Work on Fiorentino’s studio was a collaboration of equals, with both protagonists wholeheartedly in favor of minimal intervention. “With respect for the site,” Carnemolla says. “You feel like a priest.” After all, what could be better than the original? Limestone walls rose to a 14-foot ceiling. The floor was covered in the gray polished cement tiles commonly used throughout Sicily—some of them colored, circa 1930, to resemble colorful ceramic. Since this was to be a space for living as well as working, however, quotidian necessities had to be inserted. The major effort was a sleeping loft, a 175-square-foot addition bringing total square feet to 825. Fiorentino made the loft homier by furnishing it with a credenza and a wall-mounted cabinet in walnut and brass, his own designs, as well as armchairs attributed to Gio Ponti and a selection of leggy, colorful ’50’s light fixtures.

The living area’s cement floor tile, colored in around 1930 to resemble ceramic, anchors Gianfranco Frattini rocking chairs, a Federico Munari sofa and lounge chair, and a Gastone Rinaldi armchair. Photography by Filippo Bamberghi/Photofoyer.  

Generally, architects go for elaborate staircases. Not here. Ascending to the loft, there’s nothing more than cast-iron treads welded to a beam, as basic as it gets. At the base of the stairs sits the open kitchen, for which Carnemolla designed a cast-iron island integrating a cooktop and a sink. The bathroom, likewise open, with a glass door that can be pulled across, is the southern European shower-room kind, with a floor drain. That floor as well as the walls and sink vanity are clad in those same gray tiles. Stylish touches include the round mirror, framed by an oval of cerulean glass, and a wasp-waisted yellow sconce, both dating to the ’50’s.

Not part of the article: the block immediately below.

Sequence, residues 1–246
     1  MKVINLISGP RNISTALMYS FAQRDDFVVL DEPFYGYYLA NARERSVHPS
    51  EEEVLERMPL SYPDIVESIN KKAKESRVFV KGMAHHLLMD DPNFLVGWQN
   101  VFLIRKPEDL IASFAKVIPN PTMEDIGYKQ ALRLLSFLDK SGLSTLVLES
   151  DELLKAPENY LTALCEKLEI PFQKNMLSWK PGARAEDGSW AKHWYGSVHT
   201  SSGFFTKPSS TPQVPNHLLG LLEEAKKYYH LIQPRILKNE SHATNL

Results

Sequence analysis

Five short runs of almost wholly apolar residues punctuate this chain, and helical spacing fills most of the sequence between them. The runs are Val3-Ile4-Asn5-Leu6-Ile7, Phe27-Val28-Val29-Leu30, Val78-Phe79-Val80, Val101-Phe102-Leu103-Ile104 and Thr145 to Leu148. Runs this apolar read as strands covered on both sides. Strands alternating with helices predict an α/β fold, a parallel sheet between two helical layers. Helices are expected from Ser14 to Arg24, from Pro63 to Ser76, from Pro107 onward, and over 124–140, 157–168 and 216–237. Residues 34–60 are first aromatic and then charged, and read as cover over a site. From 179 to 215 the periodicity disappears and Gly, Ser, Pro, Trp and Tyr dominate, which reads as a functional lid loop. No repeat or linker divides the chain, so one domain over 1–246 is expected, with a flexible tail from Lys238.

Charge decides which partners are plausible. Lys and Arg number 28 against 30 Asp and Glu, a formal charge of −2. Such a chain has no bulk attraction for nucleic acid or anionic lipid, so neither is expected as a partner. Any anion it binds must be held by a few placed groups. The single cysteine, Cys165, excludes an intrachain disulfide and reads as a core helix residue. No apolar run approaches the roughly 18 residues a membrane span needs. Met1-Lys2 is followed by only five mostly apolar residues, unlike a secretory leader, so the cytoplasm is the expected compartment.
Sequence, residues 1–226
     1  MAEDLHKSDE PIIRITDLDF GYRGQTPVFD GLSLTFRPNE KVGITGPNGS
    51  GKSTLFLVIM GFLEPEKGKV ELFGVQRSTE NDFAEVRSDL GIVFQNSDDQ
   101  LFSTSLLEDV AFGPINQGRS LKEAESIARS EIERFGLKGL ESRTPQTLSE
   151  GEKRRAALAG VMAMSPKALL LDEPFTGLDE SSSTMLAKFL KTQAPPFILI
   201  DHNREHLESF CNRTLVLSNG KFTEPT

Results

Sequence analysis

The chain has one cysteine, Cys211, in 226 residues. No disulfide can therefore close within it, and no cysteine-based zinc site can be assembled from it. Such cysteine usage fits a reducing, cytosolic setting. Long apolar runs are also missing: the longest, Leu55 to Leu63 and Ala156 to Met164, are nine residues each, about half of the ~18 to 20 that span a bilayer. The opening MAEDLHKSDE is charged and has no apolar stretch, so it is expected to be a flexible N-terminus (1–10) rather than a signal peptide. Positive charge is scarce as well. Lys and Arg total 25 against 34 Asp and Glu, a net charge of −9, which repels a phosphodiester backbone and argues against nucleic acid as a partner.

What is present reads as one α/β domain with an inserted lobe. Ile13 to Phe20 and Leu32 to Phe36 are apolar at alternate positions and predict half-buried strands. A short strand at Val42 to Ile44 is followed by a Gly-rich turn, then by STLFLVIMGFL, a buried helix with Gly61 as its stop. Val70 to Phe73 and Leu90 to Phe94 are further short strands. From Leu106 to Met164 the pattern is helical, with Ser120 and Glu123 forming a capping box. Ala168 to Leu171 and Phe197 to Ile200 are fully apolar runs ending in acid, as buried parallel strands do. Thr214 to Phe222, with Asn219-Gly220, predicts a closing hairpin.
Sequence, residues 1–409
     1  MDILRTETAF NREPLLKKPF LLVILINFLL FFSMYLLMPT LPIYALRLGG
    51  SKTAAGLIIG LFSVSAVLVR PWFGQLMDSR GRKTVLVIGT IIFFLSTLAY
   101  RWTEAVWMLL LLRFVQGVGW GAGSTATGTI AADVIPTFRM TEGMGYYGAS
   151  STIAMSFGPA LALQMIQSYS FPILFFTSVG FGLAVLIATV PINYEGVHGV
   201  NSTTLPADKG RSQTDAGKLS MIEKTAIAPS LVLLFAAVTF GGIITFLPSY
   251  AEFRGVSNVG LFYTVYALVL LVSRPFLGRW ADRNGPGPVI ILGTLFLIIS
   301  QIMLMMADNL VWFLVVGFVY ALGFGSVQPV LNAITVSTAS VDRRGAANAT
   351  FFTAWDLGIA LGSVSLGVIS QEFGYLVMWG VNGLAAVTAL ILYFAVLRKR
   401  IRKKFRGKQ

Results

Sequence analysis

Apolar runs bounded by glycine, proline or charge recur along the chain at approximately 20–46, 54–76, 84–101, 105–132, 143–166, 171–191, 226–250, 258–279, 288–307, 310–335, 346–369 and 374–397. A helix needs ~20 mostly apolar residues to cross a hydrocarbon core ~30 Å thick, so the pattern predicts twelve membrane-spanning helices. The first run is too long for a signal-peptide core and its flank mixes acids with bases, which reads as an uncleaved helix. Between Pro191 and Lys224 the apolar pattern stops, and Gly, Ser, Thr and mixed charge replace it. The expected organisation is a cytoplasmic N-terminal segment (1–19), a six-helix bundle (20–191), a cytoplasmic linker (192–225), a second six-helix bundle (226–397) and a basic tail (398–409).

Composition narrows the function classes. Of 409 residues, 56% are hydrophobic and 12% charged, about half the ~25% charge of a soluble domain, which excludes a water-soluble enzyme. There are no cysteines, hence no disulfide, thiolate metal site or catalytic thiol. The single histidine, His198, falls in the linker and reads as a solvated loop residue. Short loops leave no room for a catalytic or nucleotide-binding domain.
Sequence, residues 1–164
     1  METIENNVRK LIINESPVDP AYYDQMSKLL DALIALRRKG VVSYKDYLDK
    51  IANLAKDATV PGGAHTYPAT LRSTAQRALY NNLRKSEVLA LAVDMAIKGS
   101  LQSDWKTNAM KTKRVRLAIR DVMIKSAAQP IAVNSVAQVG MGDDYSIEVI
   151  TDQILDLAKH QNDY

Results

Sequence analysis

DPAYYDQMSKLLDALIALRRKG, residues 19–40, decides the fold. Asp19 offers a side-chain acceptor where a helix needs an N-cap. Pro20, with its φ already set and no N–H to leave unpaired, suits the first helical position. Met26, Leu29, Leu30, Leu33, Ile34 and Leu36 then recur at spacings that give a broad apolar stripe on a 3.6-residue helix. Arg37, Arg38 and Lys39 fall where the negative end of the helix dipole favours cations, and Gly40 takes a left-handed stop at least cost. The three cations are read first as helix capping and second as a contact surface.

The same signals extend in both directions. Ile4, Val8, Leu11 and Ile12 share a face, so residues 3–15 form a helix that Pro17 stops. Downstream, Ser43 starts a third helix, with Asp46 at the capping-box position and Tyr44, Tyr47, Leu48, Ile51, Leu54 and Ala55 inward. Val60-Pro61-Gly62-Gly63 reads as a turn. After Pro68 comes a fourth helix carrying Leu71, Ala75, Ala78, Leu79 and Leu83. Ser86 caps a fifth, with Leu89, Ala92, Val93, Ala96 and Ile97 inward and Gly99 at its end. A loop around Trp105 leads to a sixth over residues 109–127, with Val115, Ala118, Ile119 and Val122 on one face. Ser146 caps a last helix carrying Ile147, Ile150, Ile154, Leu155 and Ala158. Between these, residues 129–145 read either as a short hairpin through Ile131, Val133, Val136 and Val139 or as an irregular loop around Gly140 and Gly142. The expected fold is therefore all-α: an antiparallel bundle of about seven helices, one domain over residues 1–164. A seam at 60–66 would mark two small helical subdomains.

No barriers divide the living and working zones. They are merely mapped out with enviable acquisitions—any aficionado of Italian design would surely go gaga over them. In the living area, for instance, Gianfranco Frattini’s rocking chairs upholstered in mint green keep company with a Federico Munari sofa and lounge chair covered in matching crimson fabric, all ’60’s. From the top of the fireplace rises a white-glazed torso of a nude bather. Shedding light on the scene is a spiky floor lamp with slim multicolored shades. Nearby, dining is defined by a mash-up of chairs. Gio Ponti’s Superleggera and Vittorio Nobili’s Medea gather round a glass-topped trestle table “in the manner of Ico Parisi,” Fiorentino notes. And true pride of place goes to his cherished futurist ceramics, displayed in an arched niche.

Everywhere are Fiorentino’s paintings. He says he is currently consumed with haunting faces, figures, and a sense of birth or rebirth. Works named Water or Divers are large, with the subjects in oil and the backgrounds in acrylic. White and shades of blue often wash across the canvases. Fiorentino can’t escape the influence of Noto’s pristine beach and the Ionian Sea.

Project Team: Giuseppe Pisana: Metalwork.

Product Sources: Tagliabue Fratelli: Armchairs (Studio, Dining Area). Ceramiche Rometti: Vases (Living, Dining Areas). Azucena: Table Lamps. FontanaArte: Sconces (Kitchen). Cassina: Side Chairs (Dining Area).

> See more from the August 2017 issue of Interior Design